People who have encountered or seen a terrible incident may acquire PTSD, a post-traumatic stress disorder. Since symptoms might vary and aren’t always clear, it can be challenging to identify PTSD in others. However, the following symptoms might point to someone having PTSD:

Flashbacks: People with PTSD may have disturbing, horrific recollections of the traumatic incident that might make them feel like they are reliving it. They can experience nightmares or other sleep issues due to the incident.

Avoidance: People with PTSD may take considerable measures to avoid anything that makes them think of the horrific incident, including nearby landmarks, familiar faces, or past activities. Social disengagement and isolation may result from this.

Emotional numbness: Those who have PTSD may have feelings of emotional numbness or detachment and may find it difficult to feel joy. Furthermore, they might no longer be as interested in past interests.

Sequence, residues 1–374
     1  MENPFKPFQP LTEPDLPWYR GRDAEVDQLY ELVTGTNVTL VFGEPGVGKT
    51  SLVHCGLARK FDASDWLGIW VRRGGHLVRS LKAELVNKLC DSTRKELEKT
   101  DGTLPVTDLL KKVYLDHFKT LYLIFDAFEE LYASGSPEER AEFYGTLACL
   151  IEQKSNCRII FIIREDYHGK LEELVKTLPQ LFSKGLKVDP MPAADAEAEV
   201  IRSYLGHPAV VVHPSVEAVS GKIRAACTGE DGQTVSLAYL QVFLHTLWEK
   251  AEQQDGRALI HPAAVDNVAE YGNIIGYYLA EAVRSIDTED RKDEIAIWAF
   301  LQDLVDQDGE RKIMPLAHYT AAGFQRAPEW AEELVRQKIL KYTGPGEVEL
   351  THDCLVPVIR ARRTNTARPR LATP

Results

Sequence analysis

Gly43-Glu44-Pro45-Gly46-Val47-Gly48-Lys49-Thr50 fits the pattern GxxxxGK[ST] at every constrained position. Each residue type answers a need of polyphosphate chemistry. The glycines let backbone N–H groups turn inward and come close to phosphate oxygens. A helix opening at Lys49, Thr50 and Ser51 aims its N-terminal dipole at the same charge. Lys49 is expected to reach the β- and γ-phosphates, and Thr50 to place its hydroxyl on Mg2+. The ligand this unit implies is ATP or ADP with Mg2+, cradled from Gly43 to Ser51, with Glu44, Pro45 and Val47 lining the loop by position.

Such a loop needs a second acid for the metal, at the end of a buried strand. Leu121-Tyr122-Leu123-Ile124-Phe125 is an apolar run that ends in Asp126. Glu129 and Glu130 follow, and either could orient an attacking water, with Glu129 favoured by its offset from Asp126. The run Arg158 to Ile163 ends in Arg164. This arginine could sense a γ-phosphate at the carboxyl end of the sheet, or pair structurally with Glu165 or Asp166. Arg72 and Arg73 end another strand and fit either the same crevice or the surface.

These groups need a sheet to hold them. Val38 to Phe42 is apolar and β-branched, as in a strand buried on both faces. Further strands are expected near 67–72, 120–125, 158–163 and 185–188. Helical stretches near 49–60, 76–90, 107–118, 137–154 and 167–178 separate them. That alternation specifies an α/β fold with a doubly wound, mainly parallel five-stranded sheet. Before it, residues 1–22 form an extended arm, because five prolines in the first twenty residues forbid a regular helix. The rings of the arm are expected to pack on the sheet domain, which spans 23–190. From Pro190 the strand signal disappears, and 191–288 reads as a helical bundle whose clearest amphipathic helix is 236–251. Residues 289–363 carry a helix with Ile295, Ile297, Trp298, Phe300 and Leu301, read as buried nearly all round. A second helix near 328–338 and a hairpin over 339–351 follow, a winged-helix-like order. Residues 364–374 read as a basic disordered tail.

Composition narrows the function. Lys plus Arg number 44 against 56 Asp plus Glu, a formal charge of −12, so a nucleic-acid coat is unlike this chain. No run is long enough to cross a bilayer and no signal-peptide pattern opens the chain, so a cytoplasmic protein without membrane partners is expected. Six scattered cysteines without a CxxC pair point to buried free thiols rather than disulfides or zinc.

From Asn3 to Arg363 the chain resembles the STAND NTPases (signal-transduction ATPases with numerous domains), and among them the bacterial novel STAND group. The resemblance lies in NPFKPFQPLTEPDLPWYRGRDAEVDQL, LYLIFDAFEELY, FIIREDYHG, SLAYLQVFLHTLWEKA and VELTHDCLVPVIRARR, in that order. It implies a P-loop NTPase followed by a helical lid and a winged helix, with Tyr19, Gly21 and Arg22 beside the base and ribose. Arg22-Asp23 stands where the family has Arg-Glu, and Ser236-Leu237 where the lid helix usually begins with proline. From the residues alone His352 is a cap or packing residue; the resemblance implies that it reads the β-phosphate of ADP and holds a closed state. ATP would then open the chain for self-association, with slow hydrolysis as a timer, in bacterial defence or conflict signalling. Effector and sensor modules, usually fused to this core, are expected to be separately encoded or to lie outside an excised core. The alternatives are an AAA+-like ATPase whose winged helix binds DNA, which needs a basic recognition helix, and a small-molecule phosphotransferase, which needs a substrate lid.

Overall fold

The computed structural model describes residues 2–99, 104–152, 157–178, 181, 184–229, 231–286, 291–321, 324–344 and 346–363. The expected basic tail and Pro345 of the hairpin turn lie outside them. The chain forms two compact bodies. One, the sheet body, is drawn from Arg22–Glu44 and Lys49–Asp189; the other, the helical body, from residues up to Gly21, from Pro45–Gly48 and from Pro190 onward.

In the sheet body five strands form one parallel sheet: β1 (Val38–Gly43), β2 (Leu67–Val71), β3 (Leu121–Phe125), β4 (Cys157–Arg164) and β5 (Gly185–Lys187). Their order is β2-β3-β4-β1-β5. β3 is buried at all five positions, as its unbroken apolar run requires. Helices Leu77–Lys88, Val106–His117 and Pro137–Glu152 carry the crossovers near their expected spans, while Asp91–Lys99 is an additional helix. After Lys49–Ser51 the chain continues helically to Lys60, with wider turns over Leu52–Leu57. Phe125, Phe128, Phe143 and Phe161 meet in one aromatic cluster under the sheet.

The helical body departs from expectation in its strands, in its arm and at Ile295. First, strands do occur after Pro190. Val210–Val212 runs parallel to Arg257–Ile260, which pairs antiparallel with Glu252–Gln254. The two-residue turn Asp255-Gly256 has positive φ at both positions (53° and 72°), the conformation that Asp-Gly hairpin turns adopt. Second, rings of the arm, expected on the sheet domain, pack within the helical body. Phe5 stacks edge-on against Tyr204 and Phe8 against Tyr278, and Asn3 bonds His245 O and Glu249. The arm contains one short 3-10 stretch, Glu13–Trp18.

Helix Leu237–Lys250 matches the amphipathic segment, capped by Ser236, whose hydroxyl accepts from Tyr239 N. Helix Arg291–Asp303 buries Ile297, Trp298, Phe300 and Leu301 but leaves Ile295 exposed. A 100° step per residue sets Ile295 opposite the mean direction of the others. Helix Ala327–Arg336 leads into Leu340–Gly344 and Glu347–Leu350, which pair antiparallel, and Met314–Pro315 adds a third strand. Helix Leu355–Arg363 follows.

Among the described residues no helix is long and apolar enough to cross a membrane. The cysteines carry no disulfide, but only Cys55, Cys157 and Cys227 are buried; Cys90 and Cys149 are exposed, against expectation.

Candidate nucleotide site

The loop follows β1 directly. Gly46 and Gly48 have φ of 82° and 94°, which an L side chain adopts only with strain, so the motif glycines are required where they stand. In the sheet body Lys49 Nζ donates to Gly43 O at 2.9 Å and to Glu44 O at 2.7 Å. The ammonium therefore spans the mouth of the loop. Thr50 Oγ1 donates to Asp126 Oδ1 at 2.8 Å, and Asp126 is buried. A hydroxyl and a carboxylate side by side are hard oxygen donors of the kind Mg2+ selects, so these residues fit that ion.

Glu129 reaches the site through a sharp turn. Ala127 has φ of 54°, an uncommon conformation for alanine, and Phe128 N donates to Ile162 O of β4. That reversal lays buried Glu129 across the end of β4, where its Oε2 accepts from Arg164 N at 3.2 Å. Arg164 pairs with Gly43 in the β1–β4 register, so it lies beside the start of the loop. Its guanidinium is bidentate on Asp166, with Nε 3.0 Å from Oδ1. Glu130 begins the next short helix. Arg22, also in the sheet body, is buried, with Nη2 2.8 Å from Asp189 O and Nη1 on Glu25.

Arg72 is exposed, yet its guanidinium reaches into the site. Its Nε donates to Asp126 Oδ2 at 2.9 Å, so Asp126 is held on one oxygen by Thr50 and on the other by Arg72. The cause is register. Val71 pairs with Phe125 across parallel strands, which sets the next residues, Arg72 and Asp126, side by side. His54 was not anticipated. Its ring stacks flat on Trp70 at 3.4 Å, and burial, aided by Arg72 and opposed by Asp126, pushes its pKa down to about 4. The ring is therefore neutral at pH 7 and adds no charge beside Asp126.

Hyperarousal: Those with PTSD may constantly feel on edge, react suddenly, and have trouble falling asleep or focusing. Additionally, they might become agitated, angry, or violent.

Changes in mood or behaviour: Mood swings and irrational outbursts of rage or grief are common among PTSD patients. Changes in mood or behaviour are also common. Additionally, they could act in a dangerous or harmful manner, such as abusing drugs or driving recklessly.

All people experience trauma in different ways, and not all traumatic events result in the development of post-traumatic stress disorder (PTSD). Encourage a person who you think could be suffering from PTSD to get professional assistance from a mental health practitioner if you have any concerns about them.